Peter Macdonald (1870–1960), surgeon and eye specialist, a pupil of F. M. Alexander, who wrote several articles on the Alexander Technique for the medical profession.
Peter Macdonald was born in Scotland and was a Scottish surgeon and eye specialist. He settled in York where in 1904 he became medical officer to Rowntree & Co – one of the first companies to establish such a post for their workers. He later married Joseph Rowntree’s daughter, Agnes Julia. He was an experienced eye, ear, nose and throat surgeon and wrote many medical papers on these subjects. He took a passionate interest in politics, both national and medical. He was critical of the organization of insurance practitioners in the period of the Insurance Act, and was equally critical of the National Health Service which he dealt with in his rôle as Chairman of the British Medical Association (1942–45). He sat on many local and national committees and boards and was also vice-president of the British Medical Association. Macdonald was a keen golfer, boxer, bridge player and also president of the York Florist Society, winning several prizes at flower shows. He retired in 1951.
Macdonald became a pupil of Alexander around 1921–22,, around the time he took his son, Patrick Macdonald, to have lessons with Alexander. Patrick Macdonald later became a prominent teacher of the Technique.
Macdonald several times attempted to gain a wider interest for Alexander’s technique among the medical profession. In 1923, at a BMA discussion on ‘the nervous child,’ he spoke at length on Alexander’s contribution to the question of posture and its influence on health. In opening a discussion about preventive medicine in 1924 he included a short, but concise description of the contribution to health which the Technique offers. In response to an address which discussed the influence of the human erect posture on health, Macdonald wrote a letter drawing attention to Alexander’s technique which was followed up with a letter on the Technique’s beneficial influence on asthma. An address, ‘Instinct and Functioning in Health and Disease,’ given to the Yorkshire branch of the BMA, was entirely devoted to Alexander’s discoveries. A long letter to the British Medical Journal, written in view of Coghill’s research confirming Alexander’s discovery, was written in 1939. His letters and articles on the Technique are:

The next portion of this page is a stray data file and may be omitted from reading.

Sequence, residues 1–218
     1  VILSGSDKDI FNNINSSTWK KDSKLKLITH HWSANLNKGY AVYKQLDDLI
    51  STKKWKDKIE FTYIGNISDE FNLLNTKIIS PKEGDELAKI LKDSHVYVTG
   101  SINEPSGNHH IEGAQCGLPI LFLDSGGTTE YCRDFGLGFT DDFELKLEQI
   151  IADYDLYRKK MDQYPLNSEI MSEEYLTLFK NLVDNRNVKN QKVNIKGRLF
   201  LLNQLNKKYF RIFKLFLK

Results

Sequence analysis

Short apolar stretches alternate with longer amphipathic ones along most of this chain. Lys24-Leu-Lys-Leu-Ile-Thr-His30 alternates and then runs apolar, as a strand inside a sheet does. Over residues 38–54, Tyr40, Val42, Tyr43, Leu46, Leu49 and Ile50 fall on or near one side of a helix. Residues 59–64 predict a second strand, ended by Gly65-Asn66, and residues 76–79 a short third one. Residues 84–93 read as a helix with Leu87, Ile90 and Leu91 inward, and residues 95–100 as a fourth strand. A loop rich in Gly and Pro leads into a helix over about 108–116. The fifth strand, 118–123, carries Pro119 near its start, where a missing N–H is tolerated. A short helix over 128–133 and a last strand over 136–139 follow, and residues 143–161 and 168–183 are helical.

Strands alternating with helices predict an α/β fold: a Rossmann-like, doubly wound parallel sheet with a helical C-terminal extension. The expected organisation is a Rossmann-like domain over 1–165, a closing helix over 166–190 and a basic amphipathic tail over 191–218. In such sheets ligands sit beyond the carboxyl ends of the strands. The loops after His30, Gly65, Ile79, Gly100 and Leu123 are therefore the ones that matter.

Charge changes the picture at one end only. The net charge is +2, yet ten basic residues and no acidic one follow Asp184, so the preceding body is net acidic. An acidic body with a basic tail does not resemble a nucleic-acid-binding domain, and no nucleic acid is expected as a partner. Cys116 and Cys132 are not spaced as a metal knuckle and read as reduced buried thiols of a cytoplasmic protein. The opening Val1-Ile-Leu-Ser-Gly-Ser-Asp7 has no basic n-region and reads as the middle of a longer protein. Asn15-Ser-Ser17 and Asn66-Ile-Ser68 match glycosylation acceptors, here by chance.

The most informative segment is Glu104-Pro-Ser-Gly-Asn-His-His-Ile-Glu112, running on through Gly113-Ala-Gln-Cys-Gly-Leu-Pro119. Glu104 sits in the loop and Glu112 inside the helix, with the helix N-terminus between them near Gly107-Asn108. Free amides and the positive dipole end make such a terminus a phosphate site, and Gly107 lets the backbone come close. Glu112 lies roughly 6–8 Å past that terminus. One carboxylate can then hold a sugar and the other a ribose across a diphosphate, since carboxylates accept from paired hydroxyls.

‘Discussion on the Nervous Child’ in British Medical Journal, 24 November 1923.
‘New Thought Influencing the Outlook upon Health and the Prevention of Disease’ in British Medical Journal, 9 August 1924.
Correspondence ‘Criticism of a Book Review’ in Boston Medical and Surgical Journal, 4 December 1924.
‘Instinct and Functioning in Health and Disease’ in British Medical Journal, 25 December 1926.
‘Function and Posture’ in British Medical Journal, 20 October 1928.
‘The Curability of Asthma’ in British Medical Journal, 4 May 1929.
‘A Professor of Foresight’ in The Listener, 14 December 1932.
‘Control of Functioning’ in British Medical Journal, 17 June, 1939.
These articles were included in a collection of articles and papers on the Alexander Technique, A Means To An End.
See also Patrick Macdonald.